News Apr 26

Global carmakers brace for longer semiconductor shortage

Manufacturers say they are managing the situation on a day-by-day basis and while trying to avoid shutting down production lines completely, corners are being cut

Global carmakers brace for longer semiconductor shortage
A worker helps builds a Ford Explorer car at the company's Chicago Assembly Plant. File photo by Reuters.

(ATF) Recent buyers of the French-made Peugeot 308 car might have noticed a strange anachronism - instead of the snazzy digital speedometer on the dashboard, there's a circular analogue gauge.

But Stellantis, the manufacturer, would rather not provide such retro features. Instead, the global chip shortage has forced the company to devise workarounds to keep production moving.

It was able to resume making the new 308 at half its normal pace - and only after a three-week halt.

Now what was initially played down as a brief hiccup in the supply of semiconductors looks more and more like a shortage that may last throughout the year in what would be a big blow to automakers.

"An improvement in the short term is not to be expected" said Volkmar Denner, chief executive of Bosch, a major supplier of components for automakers. "Our entire industry will probably be confronted by this unsatisfactory situation for months to come," he added.

The shortage of chips has pushed automakers to idle production lines for brief periods when they temporarily run out of supplies. Toyota, Volkswagen, Ford, General Motors (GM), Fiat, Jeep, Honda, Jaguar Land Rover and the Chinese startup Nio have also had to pause production in their factories in the past few months.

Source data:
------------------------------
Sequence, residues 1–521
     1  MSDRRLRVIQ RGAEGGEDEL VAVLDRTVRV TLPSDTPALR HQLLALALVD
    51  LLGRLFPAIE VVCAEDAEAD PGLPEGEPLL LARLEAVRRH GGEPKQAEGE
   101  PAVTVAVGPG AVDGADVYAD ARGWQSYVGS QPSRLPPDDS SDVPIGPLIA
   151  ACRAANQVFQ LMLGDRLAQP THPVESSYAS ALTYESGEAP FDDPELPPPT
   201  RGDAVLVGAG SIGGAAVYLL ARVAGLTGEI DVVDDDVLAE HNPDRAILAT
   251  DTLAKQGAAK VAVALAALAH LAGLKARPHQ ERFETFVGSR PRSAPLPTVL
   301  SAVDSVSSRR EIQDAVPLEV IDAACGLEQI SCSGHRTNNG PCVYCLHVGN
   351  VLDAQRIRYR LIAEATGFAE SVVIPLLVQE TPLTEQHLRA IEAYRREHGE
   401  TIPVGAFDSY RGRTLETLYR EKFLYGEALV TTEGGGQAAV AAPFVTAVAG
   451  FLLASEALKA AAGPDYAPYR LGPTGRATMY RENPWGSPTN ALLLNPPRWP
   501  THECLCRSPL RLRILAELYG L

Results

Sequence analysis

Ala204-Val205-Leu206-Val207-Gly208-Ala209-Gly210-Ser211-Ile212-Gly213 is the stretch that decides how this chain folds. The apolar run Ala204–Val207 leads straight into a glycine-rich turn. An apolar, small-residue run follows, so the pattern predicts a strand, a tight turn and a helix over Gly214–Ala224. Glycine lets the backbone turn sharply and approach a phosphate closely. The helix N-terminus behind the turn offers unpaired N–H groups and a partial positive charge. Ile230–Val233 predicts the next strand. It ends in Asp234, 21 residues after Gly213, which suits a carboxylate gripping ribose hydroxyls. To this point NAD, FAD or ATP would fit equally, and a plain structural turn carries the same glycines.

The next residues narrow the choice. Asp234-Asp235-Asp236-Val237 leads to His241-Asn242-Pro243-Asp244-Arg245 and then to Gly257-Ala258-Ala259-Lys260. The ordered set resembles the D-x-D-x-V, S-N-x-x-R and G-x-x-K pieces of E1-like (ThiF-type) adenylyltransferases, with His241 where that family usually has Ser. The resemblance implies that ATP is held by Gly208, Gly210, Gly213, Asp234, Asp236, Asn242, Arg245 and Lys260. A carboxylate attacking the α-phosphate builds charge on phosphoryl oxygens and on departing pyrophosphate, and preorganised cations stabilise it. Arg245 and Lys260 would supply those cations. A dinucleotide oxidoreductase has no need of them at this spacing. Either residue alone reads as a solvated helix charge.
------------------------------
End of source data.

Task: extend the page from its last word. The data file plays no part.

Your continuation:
Automakers have reduced the stocks of parts they keep on hand in recent years as part of cost-cutting measures, so delivery delays can quickly force an entire shutdown. 

The surge in demand for electronic devices during the pandemic is the main cause of today's shortage of chips, while a fire in a Japanese factory and a drought in Taiwan have exacerbated the supply squeeze.


The main manufacturers are located in Asia, such as TSMC in Taiwan and Samsung and SK Hynix in South Korea.

Renault CEO Luca de Meo told shareholders this past week that "the semiconductor shortage could cause a drop in production volume this year of at least 100,000 vehicles."

In Germany, thousands of workers were on reduced work hours or temporary unemployment as Volkswagen and Mercedes-Benz factories were forced to halt production.

Fiat slowed production at its Brazilian factory for the second time this month, while the Stellantis factory in Rennes-La Janais in France, where 2,000 people work, was also nearly idle.

Computer processors are a key element in today's vehicles, which can easily have several dozen to control elements such as the engine, automatic braking system, airbags, automatic parking system and the entertainment system. 

Automakers say they are managing the situation on a day-by-day basis and while they are trying to avoid shutting down production lines completely, corners are being cut.

"GM is building some vehicles without certain modules when necessary," the US carmaker said in a statement. "They will be completed as soon as more semiconductors become available."

With reporting by Agence France-Presse


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